All over Anglesey there are countles standing stones. They are, without doubt, very ancient but why there are so positioned and by whom no one knows. I doubt anyone will ever know why standing stones are there but they give an enduring look to the rural scene. They are protected by law and so are likely to remain untouched as a reminder of former people whose name we shall never know.

Tuesday, January 16, 2007


It is in Moelfre that the Anglesey Committee for Macmiillan Cancer Support holds its meetings. Having said this, I can assure you that there is much moe to say about Moelfre. Visitors to the village can have a lovely pint of Robinson's bitter in the local pub, The Kinmel Arms. They also do some very appetising bar snacks with a choice of kids' meal too. In the summer it can get very indeed, as its fame has spread!
Facing the Kinmel Arms is the shingle beach where the Vikings raid Anglesey every two years. They sit quietly in their two longships just off ther lifeboat house until they receive the siignal. After that the crowd waits with bated breath until they come into sight and land on the tiny beach. At this point the Vikings and the local "troops" start knocking ten bells out of each other. At the end of the battle veryone lives to fight another day.
If you walk along the footpath which begins at the bend in the village road you will eventually pass a bronze statue of the late "Dic" Evans outside "Seawatch" a seasonal exhibition centre which has a Watson class lifeboat to see. In the main car park for the Seawatch centre you can see a large piece of the hull of the "Royal Charter" that sank off the cliffs back in the 19th Century.
Further along the footpath you find yourself at the modern Lifeboat Station with its Tyne Class all weather lifeboat and D Class inflatable inshore liifeboat. When Alan, the steward, is on duty you can walk down the side of the life boat which looks hughout of the water and filling the boathouse wo within 4 inches of the roof beams. I think I am right in saying that eventually the lifeboat station will get a new lifeboat - one of the new Tamar class.
Moelfre lifeboat station's list of rescues includes two in which "Dic" Evans won the RNLI Gold Medal as coxwain of the lifeboat some years ago. They say that to win a Bronze Medal you have to to go to hell and back. Just what you have to do to win a Gold Medal I cannot imagine but "Dic" Evans did just that. In saving the crew of the steamer, "Hindlea" Dic set off without a full crew as there was some problem with communications on that day. In fact one crew member was not a serving lifeboat crew member. He was a land based person who assisted in the launching of the lifeboat usually.
The footpath is part of the Anglesey coastal path and so you can carry on walking round the cliffs to another shingle beach which looks out at Ynys Moelfre, a small island a few hundred yards off. The island is a haven for many seabirds and seals can be seen in this area from time to time. To the right of the shingle beach is a rocky shoreline where, in summer, many anglers come to fish for mackerel. There are even people who come to harvest mussels on the beach.
Following the footpath you come to a concret base with a seat that commemorates the saving of the crew of the "Hindlea". Walk even further along and you will come to a large stone that is there to remember the wreck of the steam/sail ship "Royal Charter" in a hurricane in the mid 1800s. As you look out to sea you will see a number of ships at anchor. They are waiting there for one or other of two reason. They may be waiting for a pilot into the Port of Liverpool or there may be a gale blowing and they are taking shelter. The north coast of Anglesey has cliffs for a few miles which create a lee shore for about five miles. As the prevailing winds are south westerly, Anglesey can play its part in protecting the lives of sailors.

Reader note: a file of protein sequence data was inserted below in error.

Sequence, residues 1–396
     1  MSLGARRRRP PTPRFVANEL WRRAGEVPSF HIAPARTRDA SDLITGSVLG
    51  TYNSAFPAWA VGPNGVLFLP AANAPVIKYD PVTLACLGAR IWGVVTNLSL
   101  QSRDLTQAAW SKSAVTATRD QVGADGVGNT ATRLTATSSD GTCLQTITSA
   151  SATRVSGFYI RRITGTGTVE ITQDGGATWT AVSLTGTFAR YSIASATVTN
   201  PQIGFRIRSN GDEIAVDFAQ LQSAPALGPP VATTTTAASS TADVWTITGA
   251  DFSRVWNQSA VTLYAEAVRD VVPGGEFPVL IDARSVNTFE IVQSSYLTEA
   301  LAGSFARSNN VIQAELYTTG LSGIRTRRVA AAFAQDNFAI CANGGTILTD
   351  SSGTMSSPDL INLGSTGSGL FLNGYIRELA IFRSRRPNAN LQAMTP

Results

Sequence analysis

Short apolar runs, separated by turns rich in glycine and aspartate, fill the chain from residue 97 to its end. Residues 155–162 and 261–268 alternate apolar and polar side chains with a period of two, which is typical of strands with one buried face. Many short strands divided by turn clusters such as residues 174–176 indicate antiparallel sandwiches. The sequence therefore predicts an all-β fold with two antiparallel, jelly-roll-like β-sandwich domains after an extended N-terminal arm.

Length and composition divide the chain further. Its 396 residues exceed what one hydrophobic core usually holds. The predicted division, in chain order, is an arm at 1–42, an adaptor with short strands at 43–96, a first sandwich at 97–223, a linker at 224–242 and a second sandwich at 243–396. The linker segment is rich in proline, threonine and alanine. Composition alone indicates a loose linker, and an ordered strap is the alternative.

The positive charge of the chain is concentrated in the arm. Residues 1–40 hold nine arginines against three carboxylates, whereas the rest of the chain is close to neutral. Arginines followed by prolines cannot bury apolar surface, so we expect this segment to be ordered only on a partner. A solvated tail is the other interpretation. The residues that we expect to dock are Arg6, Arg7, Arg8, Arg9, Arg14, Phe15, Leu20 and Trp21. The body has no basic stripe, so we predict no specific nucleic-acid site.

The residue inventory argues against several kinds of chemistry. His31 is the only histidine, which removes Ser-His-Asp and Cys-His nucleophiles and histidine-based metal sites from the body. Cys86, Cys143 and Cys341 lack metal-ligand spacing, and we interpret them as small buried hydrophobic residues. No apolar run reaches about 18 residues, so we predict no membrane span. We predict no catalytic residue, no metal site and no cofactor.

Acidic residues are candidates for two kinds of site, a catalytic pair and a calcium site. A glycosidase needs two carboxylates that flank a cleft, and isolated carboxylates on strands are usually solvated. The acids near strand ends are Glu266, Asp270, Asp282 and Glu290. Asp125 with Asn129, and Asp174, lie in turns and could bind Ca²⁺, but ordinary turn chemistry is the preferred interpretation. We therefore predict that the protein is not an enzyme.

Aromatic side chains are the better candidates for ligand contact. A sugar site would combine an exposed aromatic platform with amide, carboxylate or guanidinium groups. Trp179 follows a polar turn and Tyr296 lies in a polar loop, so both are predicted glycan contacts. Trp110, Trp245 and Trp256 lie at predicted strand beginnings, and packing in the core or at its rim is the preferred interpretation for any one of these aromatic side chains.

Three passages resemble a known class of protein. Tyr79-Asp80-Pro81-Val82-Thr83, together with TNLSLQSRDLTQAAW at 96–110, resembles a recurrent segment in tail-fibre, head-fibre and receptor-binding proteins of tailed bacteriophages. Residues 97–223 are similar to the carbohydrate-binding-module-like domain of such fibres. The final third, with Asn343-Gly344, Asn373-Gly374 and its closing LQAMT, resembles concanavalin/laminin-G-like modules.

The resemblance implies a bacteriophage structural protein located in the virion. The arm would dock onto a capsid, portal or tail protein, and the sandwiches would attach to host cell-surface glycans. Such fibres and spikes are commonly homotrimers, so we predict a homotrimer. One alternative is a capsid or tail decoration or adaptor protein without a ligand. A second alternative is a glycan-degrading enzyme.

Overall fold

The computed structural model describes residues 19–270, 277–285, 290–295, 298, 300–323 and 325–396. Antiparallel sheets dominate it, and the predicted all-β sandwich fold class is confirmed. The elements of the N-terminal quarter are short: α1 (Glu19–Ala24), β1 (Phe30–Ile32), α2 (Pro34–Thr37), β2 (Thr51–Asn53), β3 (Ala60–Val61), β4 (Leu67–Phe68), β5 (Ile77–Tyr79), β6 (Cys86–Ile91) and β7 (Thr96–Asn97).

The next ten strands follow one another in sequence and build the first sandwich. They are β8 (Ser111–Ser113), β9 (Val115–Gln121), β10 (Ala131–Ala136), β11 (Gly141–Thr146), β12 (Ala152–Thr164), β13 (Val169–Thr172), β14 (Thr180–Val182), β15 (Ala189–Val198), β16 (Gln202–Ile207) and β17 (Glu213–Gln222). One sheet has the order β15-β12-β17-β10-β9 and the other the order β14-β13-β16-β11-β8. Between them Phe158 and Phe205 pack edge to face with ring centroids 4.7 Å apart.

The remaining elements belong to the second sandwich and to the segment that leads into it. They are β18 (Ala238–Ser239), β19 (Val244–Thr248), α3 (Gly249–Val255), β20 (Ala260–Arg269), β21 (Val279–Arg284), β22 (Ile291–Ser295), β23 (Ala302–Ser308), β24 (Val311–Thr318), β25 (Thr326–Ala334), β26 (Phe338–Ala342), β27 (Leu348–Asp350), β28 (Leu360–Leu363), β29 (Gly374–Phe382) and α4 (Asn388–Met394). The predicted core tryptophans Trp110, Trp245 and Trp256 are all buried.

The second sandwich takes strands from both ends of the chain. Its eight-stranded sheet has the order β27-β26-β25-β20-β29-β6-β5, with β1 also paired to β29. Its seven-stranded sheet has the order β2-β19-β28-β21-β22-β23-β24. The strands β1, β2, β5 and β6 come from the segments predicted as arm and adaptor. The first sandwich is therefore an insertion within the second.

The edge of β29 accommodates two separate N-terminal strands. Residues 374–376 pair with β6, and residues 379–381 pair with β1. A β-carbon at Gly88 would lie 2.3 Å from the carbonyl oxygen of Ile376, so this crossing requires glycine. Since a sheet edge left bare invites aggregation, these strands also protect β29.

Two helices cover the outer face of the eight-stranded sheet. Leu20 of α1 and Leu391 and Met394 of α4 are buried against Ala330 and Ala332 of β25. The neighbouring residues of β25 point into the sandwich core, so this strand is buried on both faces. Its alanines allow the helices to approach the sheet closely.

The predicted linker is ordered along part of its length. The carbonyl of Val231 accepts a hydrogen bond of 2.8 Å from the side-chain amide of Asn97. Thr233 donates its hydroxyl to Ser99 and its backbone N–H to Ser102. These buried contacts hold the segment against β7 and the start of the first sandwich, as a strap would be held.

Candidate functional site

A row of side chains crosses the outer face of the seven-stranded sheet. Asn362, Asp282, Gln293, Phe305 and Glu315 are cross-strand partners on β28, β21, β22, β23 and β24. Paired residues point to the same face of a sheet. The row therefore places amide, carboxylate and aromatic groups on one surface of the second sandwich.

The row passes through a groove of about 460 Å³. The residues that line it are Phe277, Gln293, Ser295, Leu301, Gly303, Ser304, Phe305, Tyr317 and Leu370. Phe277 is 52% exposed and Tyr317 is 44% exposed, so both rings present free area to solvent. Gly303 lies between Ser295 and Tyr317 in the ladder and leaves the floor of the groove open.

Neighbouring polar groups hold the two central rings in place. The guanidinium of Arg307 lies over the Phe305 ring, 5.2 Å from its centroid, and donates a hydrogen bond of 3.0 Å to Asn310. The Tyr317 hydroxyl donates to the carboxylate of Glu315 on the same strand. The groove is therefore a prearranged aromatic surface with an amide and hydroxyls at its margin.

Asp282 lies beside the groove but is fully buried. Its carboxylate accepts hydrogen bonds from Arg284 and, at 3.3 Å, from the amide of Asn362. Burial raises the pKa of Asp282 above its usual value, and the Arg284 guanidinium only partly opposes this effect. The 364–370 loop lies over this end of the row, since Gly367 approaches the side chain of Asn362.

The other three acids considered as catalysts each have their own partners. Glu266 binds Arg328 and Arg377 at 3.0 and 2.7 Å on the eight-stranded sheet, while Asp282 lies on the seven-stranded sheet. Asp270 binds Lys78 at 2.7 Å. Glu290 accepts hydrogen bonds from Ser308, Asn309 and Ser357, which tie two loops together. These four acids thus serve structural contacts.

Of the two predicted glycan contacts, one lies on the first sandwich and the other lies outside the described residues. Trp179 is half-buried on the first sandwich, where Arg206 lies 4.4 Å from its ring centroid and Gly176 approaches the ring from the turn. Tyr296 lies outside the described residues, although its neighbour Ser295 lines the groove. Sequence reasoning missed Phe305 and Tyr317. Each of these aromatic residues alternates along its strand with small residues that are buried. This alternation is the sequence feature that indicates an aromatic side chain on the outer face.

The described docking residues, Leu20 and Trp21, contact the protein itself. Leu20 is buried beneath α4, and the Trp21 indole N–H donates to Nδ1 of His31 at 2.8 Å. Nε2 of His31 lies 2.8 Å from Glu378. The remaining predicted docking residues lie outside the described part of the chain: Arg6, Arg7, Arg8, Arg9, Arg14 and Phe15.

This part of the Anglesey coastal path is very popular with visitors each year and is well used as a result. To get to Moelfre you take the A5025 from the Britannia Bridge, going towards Amlwch. At the first roundabout you take the third exit and proceed down Richard Evans Road into the village. There is free car parkiing at Seawatch.

Saturday, January 13, 2007


Four to five years ago, when we first began considering relocating to Anglesey we looked at various websites for local estate agents. Every time we saw a property located in Amlwch we ignored it because we thought we would not like Amlwch. Today, the story is different. We have discovered the historic side to Amlwch and it is fascinating.

Amlwch began as a small and sleepy village like many others on the island. Then came the extraction and exporting of copper from the two mines on Parys Mountain. Everything changed and Amlwch became a town of 5,000 people with the busiest port in Wales. In the early days of extraction on a large scale the ore was taken from the surface, creating what is known today as the Great Opencast. To view the Opencast as you walk the heritage trail is to see many more colours of rock and spoil than you might imagine. It is rather like the many shades of autumn colours among trees.

Although Amlwch was the port for exporting copper the copper mountain is actually nearer the village of Penysarn where I live. Penysarn was part of the local industry as the place where clogs and clothes for the workers were made. A large figure in the boom of copper was the Cornishman, James Treweek. He it was who arrived as the Marquess of Anglesey's manager of the Mona Mine. Cornwall has a number of derelict copper and tin mines and provided many recruits as Treweek improved the furtunes od the Mona Mine. He recruited whole families where wives and children also worked in a supporting role up on the mountain. It was, of course, the men who undertook the dangerous work, hanging over the side of the Great Opencast on ropes to get at the copper ore. Many people died in industrial accidents and of diseases related to working in the open in all weathers with poor protection in the way of clothing.